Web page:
Oyster fisher folk receive certificates after training

By Kodjo
Adams, GNA

Accra, Sept. 27, GNA – Oyster fisher folk
of Tsokomey and Bortianor in the Greater Accra Region have received
certificates after the completion of a co-management training held in Accra.

The beneficiaries, numbering 150, were trained
for 18 months in areas of Co-Management, Ecology and the Reproductive Cycle of
the Oysters as well as their managements.

The initiative was a collaborative effort by
Sustainable Fisheries Management Project together with Development Action
Association, in partnership with the University of Cape Coast Aquaculture

Mrs Hannah Agyei-Boakye, the Greater Accra
Regional Director of Fisheries, Fisheries Commission, at the event on Wednesday,
said the sustainability of the resource was very important and urged the fisher
folk to protect the resources not just for their livelihoods but also future
investment opportunities.

She said training the fisher folk was a
challenge due to the scientific nature of the process.

Mrs Agyei-Boakye said they were trained
according to the required parameters necessary for the growth of the oysters so
they could grow to big sizes and become marketable.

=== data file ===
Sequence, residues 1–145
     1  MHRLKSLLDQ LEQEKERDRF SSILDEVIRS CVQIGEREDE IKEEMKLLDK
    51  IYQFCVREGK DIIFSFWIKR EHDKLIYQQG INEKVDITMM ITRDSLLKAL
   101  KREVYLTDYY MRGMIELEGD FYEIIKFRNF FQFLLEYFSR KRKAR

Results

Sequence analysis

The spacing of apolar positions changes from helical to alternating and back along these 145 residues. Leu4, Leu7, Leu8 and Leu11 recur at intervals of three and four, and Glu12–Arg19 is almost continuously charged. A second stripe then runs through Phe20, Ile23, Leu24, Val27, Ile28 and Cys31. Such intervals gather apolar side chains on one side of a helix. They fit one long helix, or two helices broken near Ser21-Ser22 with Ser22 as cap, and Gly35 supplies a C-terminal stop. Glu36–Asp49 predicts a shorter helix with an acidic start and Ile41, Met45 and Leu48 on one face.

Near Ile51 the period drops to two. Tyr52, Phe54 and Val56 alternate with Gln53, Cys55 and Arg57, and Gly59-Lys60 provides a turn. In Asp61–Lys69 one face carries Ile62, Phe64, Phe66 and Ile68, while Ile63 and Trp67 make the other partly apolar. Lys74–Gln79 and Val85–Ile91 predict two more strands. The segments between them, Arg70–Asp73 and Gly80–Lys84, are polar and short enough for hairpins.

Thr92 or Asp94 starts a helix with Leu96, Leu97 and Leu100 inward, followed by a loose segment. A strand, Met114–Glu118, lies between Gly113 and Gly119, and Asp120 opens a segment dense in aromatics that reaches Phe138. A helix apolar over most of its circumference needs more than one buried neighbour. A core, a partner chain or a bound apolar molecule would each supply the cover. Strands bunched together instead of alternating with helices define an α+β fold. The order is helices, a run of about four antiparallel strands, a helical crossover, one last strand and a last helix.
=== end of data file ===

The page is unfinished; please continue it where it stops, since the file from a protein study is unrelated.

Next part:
She advised the beneficiaries to use the acquired
skills to enhance their businesses and replicate it across other shores.

The Regional Director said self-compliance and
volunteerism should be the driving force amongst fisher folk to boost the
growth of oysters.     

Some of the beneficiaries expressed
satisfaction about the training and commended organisers for impacting
knowledge to boost the production of oysters.

Ms Bernice Bebli, an oyster harvester, said
work was not progressive at first since they did not know some of the effective
methods they were thought.

She said through USAID and Sustainable
Fisheries Management Project, they had acquired machines such like the
reflectometer, which they used to test the salinity of the Densu River, since
the oysters did not survive in too high or low salt.

Ms Cecilia Senu, a beneficiary, said data
collectors also moved from site to site to check for suitable areas where they
could harvest more.

She said the Bojo Beach contains lots of
oysters but one problem was the filth at the shore, which hindered the survival
of the oysters.

She called on stakeholders to go to their aid
to clean the Bojo Beach since it is the main source of their livelihood. 


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